Following Spence’s report and the accompanying headlines the Association of Chief Police Officers launched an investigation. Understandably they wanted to know if Spence’s claims were true and, if so, if they applied to the whole country.

They discovered, we learnt today, that they weren’t true. The evidence, their report says, ‘does not support theories of a large scale crime wave generated through migration. In fact, crime has been falling across the country over the past year’.

And what coverage does this report get in the press? Well, The Guardian leads with it on the front page. The Telegraph has a straight report on page 10. And… and… that’s it. Nothing at all in the Mail. Nothing in the Express (though the paper finds space on page 22 to report that ’3 out of 4 UK Poles “will stay”‘). Nothing in the Times. Nor, curiously, in the Independent.

It’s a great shame not only that many papers will not report news that doesn’t fit their editorial line, but that they won’t even seek to challenge the study’s findings. If these papers really do believe there is a migrant crime wave then surely they should pore over this report and challenge it. Ignoring it suggests they are happier misleading their readers then rethinking their own position.

Written by Martin Moore

April 16th, 2008 at 10:45 am

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Still waiting for local community websites

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Today I find myself buried in Annex 8 of OFCOM’s Public Service Broadcasting Review trying to work if there’s a future for local news, community and social action on the web.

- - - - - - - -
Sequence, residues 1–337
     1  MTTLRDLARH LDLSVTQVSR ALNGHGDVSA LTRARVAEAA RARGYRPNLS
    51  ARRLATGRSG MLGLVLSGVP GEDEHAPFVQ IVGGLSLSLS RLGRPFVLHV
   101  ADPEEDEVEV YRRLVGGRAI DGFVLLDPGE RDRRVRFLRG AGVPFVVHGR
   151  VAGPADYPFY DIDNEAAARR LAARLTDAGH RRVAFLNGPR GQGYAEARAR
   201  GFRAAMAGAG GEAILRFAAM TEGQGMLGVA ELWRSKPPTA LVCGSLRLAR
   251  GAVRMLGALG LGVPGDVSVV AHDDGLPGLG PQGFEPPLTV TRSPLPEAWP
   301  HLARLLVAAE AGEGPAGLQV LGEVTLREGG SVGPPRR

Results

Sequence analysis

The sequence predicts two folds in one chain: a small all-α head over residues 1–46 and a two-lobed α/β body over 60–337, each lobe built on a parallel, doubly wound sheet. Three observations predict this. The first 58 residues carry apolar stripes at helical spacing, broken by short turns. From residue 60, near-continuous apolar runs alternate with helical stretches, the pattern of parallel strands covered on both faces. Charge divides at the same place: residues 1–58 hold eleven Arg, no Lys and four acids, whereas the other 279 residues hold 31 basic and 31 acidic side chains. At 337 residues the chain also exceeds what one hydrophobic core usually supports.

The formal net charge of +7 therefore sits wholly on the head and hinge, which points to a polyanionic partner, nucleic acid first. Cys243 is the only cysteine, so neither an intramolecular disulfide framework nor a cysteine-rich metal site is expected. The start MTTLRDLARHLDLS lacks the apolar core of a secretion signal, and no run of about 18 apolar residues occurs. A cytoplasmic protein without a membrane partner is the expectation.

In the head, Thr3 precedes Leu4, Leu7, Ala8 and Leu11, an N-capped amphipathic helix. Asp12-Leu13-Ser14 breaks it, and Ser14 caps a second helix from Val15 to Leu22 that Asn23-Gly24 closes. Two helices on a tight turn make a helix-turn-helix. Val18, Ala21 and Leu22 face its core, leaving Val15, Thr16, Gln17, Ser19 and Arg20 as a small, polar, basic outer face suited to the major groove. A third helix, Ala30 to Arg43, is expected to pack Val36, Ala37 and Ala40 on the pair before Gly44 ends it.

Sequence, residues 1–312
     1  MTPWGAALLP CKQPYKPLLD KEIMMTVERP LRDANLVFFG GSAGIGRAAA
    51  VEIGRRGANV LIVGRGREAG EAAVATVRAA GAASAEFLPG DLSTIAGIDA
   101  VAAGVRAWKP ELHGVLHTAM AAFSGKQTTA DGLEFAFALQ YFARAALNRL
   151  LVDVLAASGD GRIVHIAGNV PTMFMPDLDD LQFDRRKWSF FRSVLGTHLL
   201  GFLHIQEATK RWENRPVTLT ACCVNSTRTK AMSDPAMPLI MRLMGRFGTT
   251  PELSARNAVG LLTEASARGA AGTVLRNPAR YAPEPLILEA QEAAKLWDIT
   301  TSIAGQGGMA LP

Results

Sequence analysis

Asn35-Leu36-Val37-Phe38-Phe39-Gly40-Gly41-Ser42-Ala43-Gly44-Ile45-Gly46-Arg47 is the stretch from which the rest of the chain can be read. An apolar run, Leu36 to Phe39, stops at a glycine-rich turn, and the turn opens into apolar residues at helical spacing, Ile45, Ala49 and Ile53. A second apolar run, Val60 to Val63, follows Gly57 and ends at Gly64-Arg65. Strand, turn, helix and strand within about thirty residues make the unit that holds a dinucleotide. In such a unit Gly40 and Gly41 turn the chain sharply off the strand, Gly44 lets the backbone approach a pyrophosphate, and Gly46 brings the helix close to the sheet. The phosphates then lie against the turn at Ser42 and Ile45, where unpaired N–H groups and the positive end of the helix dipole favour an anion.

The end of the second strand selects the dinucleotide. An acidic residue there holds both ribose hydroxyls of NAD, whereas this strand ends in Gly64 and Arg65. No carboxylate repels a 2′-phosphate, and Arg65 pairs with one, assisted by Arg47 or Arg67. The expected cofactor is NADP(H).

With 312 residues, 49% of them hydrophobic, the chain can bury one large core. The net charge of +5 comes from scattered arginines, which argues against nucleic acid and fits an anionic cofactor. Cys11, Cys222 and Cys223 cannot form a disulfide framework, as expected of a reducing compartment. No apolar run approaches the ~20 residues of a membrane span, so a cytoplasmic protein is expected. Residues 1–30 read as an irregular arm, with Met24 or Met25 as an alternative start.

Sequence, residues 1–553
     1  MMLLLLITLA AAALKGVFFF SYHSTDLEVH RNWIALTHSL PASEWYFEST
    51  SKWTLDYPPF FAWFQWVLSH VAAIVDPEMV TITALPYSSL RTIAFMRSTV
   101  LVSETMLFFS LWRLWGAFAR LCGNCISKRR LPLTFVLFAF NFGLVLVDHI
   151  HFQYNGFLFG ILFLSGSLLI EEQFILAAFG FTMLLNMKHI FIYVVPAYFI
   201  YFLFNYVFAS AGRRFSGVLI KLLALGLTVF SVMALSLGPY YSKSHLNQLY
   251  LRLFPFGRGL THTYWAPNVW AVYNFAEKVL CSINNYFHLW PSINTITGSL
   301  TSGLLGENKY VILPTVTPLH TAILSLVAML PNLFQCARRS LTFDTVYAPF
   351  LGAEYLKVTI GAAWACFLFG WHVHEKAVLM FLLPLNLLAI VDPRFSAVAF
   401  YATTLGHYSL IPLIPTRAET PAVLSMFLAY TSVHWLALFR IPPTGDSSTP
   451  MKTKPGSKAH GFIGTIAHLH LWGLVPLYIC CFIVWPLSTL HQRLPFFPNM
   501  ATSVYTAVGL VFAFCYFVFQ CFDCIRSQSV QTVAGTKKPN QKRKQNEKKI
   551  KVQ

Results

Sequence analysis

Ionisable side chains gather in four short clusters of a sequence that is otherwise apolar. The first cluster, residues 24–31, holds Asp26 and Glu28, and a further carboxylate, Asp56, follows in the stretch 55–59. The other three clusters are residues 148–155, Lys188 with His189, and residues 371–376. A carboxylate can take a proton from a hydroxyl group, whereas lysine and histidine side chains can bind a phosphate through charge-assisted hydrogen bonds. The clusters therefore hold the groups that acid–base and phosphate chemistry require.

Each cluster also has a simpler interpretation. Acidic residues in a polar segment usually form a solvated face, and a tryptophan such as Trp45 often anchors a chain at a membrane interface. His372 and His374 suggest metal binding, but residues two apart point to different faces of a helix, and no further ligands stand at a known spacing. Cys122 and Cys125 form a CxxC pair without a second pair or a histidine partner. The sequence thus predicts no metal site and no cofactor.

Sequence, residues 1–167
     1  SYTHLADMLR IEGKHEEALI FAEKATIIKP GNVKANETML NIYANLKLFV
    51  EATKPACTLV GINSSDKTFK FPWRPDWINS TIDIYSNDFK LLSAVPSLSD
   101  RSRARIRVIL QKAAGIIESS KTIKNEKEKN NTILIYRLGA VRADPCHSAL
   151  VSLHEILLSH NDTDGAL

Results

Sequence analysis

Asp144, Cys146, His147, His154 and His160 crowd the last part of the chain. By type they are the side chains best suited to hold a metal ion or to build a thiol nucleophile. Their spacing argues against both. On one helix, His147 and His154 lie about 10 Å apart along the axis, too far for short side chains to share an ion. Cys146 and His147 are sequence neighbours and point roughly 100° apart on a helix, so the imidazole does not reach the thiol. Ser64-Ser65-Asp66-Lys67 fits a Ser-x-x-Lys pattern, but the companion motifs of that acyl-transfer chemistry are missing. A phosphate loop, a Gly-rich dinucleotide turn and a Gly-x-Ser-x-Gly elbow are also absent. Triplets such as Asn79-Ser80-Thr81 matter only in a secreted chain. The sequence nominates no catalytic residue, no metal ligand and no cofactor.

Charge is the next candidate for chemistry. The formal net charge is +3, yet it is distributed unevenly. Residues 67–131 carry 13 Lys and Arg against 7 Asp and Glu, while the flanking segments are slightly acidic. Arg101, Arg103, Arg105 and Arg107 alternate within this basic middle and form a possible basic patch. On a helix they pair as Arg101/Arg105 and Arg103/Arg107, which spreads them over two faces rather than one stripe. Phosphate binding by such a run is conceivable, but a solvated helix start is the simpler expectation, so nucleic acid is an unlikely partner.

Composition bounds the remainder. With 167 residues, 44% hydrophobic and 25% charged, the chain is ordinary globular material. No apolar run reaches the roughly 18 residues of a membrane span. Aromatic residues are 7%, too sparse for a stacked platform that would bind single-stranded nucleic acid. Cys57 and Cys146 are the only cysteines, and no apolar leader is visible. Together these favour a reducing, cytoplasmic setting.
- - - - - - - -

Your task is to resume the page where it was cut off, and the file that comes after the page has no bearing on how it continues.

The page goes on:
The wonderful thing about the internet is that OFCOM can publish as much as it likes without worrying about killing lots and lots of trees. The terrible thing about the internet is that OFCOM can publish as much as it likes without worrying about killing lots and lots of trees. You could spend days, weeks down here and never see the light of day.

Anyway, Annex 8 (which I found courtesy of a comment in the OFCOM PSB Blog – an awfully helpful new addition) is a very useful – if somewhat turgid – research report about public service content on the web (by MTM London for OFCOM). There’s plenty in it for people who want to know about the provision of stuff for children online, entertainment and health. But the bit I got interested in starts around page 37.

When it comes to local content – particularly community / social action, or news (outside major news organisations) there is, according to the report, precious little out there. There are exceptions of course – hyperlocal independent sites like Urban 75 (for Brixton) – but these are few and far between. ‘Local, regional and national sites’ the report says, ‘tend to have limited ambitions and low production values’.

And then there are the local newspaper sites. Unfortunately many of these are ‘heavily templated and homogenous between regions’ (p.38). Trinity Mirror is trying to break the mould slightly with its postcode project (e.g. see TS10 Redcar), though it’s unclear the extent to which this is a vehicle for news or for classified advertising (though you could argue this is the same for many local print papers).

It’s very difficult, in other words, to find successful examples of thriving local community sites (as compared to the US, say) and even harder to find examples of local sites performing the ‘watchdog role’ of the Fourth Estate (a role that appears conspicuously absent from OFCOMs definition of ‘public purposes’).

We already know that local broadcast news is in serious trouble (not least because OFCOM tells us it is), but going by this study it’ll be quite some time before local community sites can fill the gap.

Written by Martin Moore

April 14th, 2008 at 2:21 pm